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deep therapy and time: delving into the present moment

On October 2nd covering

One of the great enduring clichés about psychoanalysis and deep psychotherapy is that it’s all about delving deeply into the past. It is true that we’re really interested in the totality of experiences that make a person the person they are, including early development and family relationships.

But a thing that happens when we meet several times a week, as we do in psychoanalysis, is that we get closer and closer to the present moment. What a delicious paradox.

Here’s how it works: when a person comes in for the first time, they have to tell all about who they are and where it hurts, where they’ve come from and want they want. After a while when we’re used to one another, it becomes more about how it’s going this week or today, plus all of the connections we make with their experiences in the past. They might start to find their feelings are not as mysterious, and they might begin to feel better. Read more »


On September 30th covering , , , ,

Since I listen all day to the anxieties of people, I’ve gotten an earful this week. And it’s only Tuesday. The mega-environment is becoming rough and uncertain. Money, especially money for new projects, is expected to be harder to come by, and a lot of things will become difficult.

Doing well in this climate will require psychologically resilient people and organizations — those with the capacity to resist despair, fear, and retreats into fantasy, to keep doing what needs to be done. Flexibility, an unfazed grasp of reality, persistence and patience will serve people well. (Sometimes it will require the flexibility to abandon projects that are checkmated and move on to something else with a minimum of handwringing). Groups that can manage discouragement and anxiety and support one another will do all right. Teams and groups who sink into finger-pointing when times are tough will not make it. Read more »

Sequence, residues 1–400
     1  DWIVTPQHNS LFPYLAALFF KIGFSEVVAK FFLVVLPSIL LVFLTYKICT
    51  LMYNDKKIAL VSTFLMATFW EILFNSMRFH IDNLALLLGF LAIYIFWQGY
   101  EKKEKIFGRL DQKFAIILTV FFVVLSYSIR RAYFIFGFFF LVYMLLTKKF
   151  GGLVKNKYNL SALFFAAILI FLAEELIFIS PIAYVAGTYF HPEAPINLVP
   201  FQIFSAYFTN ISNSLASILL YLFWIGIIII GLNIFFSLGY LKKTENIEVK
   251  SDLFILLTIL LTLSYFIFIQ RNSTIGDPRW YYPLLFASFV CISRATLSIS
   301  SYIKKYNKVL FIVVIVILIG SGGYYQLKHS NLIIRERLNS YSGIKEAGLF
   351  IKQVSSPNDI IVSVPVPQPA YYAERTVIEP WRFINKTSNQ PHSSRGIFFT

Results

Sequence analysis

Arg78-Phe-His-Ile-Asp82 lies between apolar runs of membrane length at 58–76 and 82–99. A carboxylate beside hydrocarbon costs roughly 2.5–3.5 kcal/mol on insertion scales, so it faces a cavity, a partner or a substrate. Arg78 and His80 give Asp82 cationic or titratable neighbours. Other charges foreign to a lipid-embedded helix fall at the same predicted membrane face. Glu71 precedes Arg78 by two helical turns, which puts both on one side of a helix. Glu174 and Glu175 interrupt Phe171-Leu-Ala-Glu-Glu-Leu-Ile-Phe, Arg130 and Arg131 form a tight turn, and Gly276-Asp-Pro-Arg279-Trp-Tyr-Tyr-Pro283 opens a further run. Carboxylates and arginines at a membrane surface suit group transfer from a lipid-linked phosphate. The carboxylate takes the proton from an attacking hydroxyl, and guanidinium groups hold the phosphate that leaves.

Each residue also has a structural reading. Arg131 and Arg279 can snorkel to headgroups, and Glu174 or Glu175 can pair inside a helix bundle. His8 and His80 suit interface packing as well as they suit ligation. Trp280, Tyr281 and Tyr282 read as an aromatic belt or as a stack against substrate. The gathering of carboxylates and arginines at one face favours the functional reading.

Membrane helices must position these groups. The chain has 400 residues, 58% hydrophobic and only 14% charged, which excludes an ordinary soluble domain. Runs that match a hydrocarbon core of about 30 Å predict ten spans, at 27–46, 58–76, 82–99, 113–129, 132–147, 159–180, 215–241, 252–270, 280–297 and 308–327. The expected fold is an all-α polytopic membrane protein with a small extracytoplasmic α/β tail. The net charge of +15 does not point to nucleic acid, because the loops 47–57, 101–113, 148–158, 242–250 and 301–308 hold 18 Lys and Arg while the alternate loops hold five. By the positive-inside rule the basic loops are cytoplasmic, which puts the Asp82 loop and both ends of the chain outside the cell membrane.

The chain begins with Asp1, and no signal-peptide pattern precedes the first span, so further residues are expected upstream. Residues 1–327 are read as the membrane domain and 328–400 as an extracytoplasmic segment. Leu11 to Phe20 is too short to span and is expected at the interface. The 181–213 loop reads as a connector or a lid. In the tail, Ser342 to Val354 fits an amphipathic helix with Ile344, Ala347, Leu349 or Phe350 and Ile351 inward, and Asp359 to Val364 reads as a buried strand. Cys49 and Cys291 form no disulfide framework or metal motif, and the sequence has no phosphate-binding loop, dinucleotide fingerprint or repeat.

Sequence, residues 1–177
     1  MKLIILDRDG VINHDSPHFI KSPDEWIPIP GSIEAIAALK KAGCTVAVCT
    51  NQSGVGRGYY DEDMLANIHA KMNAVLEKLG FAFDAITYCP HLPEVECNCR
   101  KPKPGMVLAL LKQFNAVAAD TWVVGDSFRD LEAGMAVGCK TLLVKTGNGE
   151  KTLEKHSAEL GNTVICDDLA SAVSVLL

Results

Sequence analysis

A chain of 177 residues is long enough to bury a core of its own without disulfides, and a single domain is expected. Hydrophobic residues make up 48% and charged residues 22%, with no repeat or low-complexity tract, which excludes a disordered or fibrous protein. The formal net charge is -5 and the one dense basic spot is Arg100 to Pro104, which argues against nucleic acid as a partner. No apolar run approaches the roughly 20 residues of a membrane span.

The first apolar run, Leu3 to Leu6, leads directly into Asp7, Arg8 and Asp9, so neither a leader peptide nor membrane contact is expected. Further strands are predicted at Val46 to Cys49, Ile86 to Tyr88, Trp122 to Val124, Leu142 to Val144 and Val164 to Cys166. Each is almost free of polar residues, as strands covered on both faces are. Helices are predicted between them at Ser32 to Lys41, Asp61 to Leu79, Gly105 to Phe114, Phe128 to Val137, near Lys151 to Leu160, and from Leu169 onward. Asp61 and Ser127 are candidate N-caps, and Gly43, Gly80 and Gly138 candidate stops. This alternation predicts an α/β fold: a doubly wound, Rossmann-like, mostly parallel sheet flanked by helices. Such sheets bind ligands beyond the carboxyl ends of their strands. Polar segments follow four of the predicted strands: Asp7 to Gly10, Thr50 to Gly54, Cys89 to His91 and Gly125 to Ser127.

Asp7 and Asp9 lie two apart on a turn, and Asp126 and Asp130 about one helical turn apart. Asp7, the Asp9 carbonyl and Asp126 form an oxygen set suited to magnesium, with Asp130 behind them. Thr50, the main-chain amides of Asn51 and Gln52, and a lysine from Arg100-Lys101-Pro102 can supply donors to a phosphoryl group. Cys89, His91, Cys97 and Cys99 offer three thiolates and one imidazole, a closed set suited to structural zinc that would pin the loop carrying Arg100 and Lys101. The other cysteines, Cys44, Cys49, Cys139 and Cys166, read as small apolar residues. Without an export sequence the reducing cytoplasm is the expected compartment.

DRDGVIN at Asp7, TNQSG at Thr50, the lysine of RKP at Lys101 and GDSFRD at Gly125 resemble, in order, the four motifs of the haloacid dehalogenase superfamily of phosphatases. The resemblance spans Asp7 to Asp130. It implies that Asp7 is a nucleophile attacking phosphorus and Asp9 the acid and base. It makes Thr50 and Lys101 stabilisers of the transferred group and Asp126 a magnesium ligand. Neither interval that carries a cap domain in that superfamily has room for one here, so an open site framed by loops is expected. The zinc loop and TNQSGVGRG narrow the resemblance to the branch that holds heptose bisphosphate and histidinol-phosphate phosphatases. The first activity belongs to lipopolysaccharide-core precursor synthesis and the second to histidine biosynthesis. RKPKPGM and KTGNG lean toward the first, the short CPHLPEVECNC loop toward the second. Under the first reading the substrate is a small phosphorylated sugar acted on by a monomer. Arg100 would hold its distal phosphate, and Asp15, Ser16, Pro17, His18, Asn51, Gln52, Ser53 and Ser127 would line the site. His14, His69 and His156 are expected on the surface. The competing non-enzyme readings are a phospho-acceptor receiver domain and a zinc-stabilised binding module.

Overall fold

100-day plan with Group 8020: going fast by going slowly

On September 28th covering ,

I hope this blogging project is of interest to anybody who is concerned, as I am, with processes of change: getting unstuck, finding a new direction, moving from dreaming-about to doing-something-about, overcoming unseen obstacles. So while it’s ostensibly just about my work with Mark Hollander’s 100-day plan, it touches on many universals. The really true things about human nature often have something paradoxical at their core. So here I find myself going quickly because the process required me to slow down at the beginning.

The project has gained a great sense of velocity, which is so interesting because where we started 49 days ago was by stopping a bunch of frantic activity that wasn’t getting me anywhere. For awhile the feeling was that I wasn’t doing enough. Now the experience is of a lot of pieces clicking into place. I wonder how this has come about. Read more »

follow the blog on Twitter

On September 26th covering

You are hereby invited to follow the Twitter feed for this blog, or look for my Twitter handle @workingthrough. This account is just for the blog posts. No minutae of my daily life, I promise.

100 Day plan with group 8020: in the thick of things on day 52

On September 24th covering ,

It’s getting harder to blog the process as it’s started to really cook. Not only am I a lot busier — it’s just harder to describe in fewer than 5000 words.

The process has given me much greater focus and confidence about my consulting projects and aspirations. It’s helped gather up a lot of little piecemeal activities and interests and shown me that it adds up to a coherent whole. Quite a surprise. My mental picture of my big closet of projects was like something out of Wall-E.

But it’s very clear. I’m about a very practical application of deep psychological understanding. I’m interested in people who are at the edge of having to invent their way forward — which bridges music, technology and entrepreneurship. I like helping people remove obstacles to getting what they want, and i appreciate how deeply-set and profound these obstacles can be. I’ve always been interested in the psychology of groups, which is where human perversity can be displayed in all its glory. Read more »